Banks have been warned of a sharp profit decline because of minus credit growth and higher provisions against risks.
As of March 20, the credit growth of the whole banking system had reached 0.68 percent compared with the end of 2019. In the first 80 days of the year, the system provided VND55.7 trillion worth of loans to the economy, which means less than VND700 billion was disbursed a day.
Not only low credit growth, but the bad debt increase will also badly affect business results and banks’ capability of increasing capital. The warning was given by Fitch Ratings in the context of many banks in Vietnam rescheduling debt payments for their COVID-19 hit clients.
SBV reported that as of May 8, the banking system had rescheduled debt payment for more than 215,000 clients with total outstanding loans of VND130 trillion.
Banks have also exempted and cut interest rates for 260,000 clients with total outstanding loans of VND1,080 trillion, provided VND630 trillion worth of new loans to 182,000 clients at preferential interest rates since January 23.
According to Fitch Ratings, Vietnam’s banks with a given credit rating had 45 percent growth in overdue debts in Q1 compared with the end of 2019, in the context of a modest GDP growth rate of 3.08 percent, the lowest level since 2013.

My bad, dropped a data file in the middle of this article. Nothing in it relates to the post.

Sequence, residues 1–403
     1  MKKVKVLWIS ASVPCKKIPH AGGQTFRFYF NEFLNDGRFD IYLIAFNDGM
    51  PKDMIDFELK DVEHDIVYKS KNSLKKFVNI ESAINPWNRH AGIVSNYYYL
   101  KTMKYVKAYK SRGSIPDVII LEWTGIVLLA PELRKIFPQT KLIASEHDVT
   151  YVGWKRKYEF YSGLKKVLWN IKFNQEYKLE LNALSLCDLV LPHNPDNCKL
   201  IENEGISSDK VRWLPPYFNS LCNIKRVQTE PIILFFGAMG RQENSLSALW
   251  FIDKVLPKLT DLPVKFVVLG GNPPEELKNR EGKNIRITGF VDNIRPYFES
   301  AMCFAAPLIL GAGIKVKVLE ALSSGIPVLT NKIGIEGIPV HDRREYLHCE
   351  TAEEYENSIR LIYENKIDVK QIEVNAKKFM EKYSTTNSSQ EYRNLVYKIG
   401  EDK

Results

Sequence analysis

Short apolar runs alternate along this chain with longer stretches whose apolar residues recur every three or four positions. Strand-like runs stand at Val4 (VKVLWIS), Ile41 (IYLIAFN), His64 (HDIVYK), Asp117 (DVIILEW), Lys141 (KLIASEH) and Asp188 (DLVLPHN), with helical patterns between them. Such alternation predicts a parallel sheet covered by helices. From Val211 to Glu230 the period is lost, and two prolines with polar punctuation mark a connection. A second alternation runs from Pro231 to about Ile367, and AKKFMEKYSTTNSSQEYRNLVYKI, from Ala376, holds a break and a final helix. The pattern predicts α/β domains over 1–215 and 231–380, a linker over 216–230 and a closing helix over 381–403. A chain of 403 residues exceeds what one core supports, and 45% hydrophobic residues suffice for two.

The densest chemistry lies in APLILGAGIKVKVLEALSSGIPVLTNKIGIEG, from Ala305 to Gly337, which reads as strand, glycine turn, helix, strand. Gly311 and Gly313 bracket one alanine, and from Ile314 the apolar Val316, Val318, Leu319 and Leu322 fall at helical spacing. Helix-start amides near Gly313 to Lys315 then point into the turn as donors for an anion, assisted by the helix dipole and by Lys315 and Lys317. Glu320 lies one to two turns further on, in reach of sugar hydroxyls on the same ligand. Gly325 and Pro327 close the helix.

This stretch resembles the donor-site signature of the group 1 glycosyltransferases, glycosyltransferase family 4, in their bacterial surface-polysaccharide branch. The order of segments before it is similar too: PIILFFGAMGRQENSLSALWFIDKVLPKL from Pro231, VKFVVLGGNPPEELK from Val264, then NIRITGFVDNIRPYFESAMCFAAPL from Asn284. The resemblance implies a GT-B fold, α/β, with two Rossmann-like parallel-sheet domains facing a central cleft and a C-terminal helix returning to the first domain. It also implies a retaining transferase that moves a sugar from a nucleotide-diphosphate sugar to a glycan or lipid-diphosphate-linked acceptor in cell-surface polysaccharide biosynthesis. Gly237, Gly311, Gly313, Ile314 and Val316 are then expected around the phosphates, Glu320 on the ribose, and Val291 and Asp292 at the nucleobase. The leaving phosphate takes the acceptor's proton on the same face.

|According to Fitch Ratings, Vietnam’s banks with a given credit rating had 45 percent growth in overdue debts in Q1 compared with the end of 2019, in the context of a modest GDP growth rate of 3.08 percent, the lowest level since 2013.|
The overdue debts are predicted to continue to increase to come as the economic prospects remains gloomy because of weak demand.
The risk of bad debt returned in the first months of the year, after banks reported good results in bad debt settlement at the end of 2019.
According to SBV, about VND2,000 trillion worth of outstanding loans, or 23 percent of total loans, have been affected by the epidemic.
Fitch warned that if banks continue making provisions against risks for new loans which are in danger of becoming bad debts, they would face capital shortage of up to $2.5 billion, equal to 27 percent of stockholder equity at the end of 2019, to satisfy the minimum CAR of 8 percent set by Basel II.
State-owned banks may face the most serious shortages.
Can Van Luc, a member of the National Financial and Monetary Advisory Council, said though the state budget is scanty, it is still necessary to increase the capital of state-owned banks, or their capability of providing capital and easing interest rates to support the economy will be limited.
Eleven out of 26 banks which have released finance reports saw profits decreasing in Q1 2020 compared with the same period last year, including large banks (Vietcombank, VietinBank, MBBank and Sacombank).
Commercial banks are rushing to sell immovable properties which are collateral for unpaid debts. But finding buyers has been difficult.
Overdue debts, which are increasing rapidly during Covid-19, will adversely affect business results and capital growth capability of many commercial banks in Vietnam.